The two-mode hybrid powertrain can accelerate this 5,700-pound SUV up to 25 mph using battery power alone. The system also incorporates several other fuel-saving technologies, including a cylinder-deactivation feature that essentially turns the big V8 into a less thirsty four-cylinder under light-load conditions, such as when cruising on a level freeway.
The unique automatic transmission uses a continuously variable design that allows the engine to operate in its most efficient rpm range. The extraordinarily complex unit also features four fixed gears that come into play primarily when towing or hauling heavy loads. Both rear- and all-wheel-drive versions are available. EPA fuel economy estimates for the 2WD version are 21 mpg city/22 highway and 21 mpg combined, a slight increase over last year's model.
The Escalade Hybrid's list of standard safety features includes antilock brakes, traction control, stability control, side curtain airbags that cover all three rows of seats and the OnStar emergency communications system. A redesigned internal door structure adds an extra measure of protection in broadside accidents.
In government crash tests, the Escalade Hybrid earned a top five-star rating for protection of front occupants in head-on collisions. Side-impact tests hadn't yet been performed as of this writing, but last year's model still earned a five-star rating for both front and rear passenger protection.
You don't have to drive the 2010 Cadillac Escalade Hybrid very far to discover its split personality. At low speeds, where it can motor along in all-electric mode, this big truck's interior seems almost serene. At higher speeds, though, you'll hear the various sounds of the hybrid powertrain at work while the ride quality suffers from the 22-inch wheels and low-profile tires that transmit every bump in the road directly to your backside.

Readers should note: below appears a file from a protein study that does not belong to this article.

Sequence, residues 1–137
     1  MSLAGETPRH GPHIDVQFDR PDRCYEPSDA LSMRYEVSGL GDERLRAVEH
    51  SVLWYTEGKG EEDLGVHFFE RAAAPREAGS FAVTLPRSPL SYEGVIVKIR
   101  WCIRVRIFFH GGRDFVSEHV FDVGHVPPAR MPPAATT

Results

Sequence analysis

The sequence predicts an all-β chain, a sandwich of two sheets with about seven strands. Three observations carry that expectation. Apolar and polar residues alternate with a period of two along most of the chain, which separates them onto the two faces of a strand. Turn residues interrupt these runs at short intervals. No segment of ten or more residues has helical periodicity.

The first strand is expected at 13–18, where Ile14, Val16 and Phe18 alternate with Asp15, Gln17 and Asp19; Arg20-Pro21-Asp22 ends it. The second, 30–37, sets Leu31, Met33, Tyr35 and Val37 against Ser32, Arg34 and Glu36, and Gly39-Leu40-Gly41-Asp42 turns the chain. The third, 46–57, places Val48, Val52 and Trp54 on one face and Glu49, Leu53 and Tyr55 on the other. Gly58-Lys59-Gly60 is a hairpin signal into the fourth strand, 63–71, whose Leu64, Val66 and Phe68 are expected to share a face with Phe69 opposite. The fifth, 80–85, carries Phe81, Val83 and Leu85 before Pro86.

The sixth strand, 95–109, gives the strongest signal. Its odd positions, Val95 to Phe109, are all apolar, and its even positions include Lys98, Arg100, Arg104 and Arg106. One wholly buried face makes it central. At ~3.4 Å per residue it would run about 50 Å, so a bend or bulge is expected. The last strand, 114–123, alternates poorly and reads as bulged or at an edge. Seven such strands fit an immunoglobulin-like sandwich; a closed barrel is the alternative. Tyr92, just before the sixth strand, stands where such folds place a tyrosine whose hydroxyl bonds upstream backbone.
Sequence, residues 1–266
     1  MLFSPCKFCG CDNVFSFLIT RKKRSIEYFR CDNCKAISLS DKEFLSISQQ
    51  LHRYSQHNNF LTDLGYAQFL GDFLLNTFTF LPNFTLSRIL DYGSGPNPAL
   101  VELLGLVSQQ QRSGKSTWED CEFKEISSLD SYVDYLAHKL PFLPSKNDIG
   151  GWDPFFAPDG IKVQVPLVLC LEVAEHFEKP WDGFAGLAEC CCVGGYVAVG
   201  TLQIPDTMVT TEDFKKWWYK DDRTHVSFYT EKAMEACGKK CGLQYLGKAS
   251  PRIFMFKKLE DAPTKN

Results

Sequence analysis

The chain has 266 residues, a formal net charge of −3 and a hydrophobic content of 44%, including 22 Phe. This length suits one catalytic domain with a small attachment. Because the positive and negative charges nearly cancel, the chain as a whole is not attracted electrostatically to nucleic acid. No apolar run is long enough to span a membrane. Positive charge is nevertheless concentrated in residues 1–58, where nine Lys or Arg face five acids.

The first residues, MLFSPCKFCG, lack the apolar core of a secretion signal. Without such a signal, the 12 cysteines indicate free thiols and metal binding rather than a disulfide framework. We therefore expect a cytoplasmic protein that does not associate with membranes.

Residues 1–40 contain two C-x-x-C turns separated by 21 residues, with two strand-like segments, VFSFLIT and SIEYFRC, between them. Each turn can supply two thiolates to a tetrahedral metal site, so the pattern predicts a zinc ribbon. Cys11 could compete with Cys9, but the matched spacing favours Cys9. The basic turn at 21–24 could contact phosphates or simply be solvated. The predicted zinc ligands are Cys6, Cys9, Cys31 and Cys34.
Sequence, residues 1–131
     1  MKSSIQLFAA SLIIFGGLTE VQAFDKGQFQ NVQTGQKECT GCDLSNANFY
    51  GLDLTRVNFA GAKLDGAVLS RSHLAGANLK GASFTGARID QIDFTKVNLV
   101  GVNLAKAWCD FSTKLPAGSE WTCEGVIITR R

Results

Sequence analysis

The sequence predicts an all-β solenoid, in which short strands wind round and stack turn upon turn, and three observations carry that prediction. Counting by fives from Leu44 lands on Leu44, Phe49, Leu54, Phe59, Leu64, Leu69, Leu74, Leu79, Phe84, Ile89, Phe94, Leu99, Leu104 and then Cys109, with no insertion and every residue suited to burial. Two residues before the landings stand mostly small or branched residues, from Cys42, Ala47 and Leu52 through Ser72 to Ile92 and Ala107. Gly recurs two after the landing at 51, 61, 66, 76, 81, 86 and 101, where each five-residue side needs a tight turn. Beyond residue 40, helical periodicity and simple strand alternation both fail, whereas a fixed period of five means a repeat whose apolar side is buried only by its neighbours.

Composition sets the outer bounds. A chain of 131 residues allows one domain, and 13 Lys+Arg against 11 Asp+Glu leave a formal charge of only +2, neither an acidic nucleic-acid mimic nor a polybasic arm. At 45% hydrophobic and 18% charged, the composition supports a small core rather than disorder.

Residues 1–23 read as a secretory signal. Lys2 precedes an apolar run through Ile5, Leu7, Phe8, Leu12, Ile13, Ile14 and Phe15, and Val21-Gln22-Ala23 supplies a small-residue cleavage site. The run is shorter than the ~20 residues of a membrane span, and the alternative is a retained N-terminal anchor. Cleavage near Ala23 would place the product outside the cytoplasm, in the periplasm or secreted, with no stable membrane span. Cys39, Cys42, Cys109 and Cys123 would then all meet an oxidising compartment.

The powertrain works well enough, though the only part of its operation that feels truly seamless is when the cylinder deactivation system automatically shuts down and restarts half the engine's cylinders. The regenerative braking system, which helps recharge the hybrid system's battery pack, is particularly distracting, as it gives the brake pedal a surging feeling that makes it difficult to come to a smooth stop.
The 2010 Cadillac Escalade Hybrid coddles passengers in the same stylish surroundings as the conventionally powered versions. The posh cabin is done up in soft leather upholstery and top-quality materials and features controls that are well-placed and intuitive to use. Standard second- and third-row benches provide seating for up to eight passengers. Unfortunately, the comfy second-row captain's chairs offered on the regular Escalade aren't available here.
The interior's biggest weakness is the 50/50-split third-row seat. Leg-room is scarce, making the way-back best suited to preteens. The fact that the seat doesn't fold into the floor also means wrestling each 60-pound section out the rear hatch and then finding a place to store them when you need additional cargo space. Once you get the third-row removed and the second-row seatbacks folded down, however, you'll find a cavernous 109 cubic feet of cargo room.
edmunds expert review process
This review was written by a member of Edmunds' editorial team of expert car reviewers. Our team drives every car you can buy. We put the vehicles through rigorous testing, evaluating how they drive and comparing them in detail to their competitors.
We're also regular people like you, so we pay attention to all the different ways people use their cars every day. We want to know if there's enough room for our families and our weekend gear and whether or not our favorite drink fits in the cupholder. Our editors want to help you make the best decision on a car that fits your life.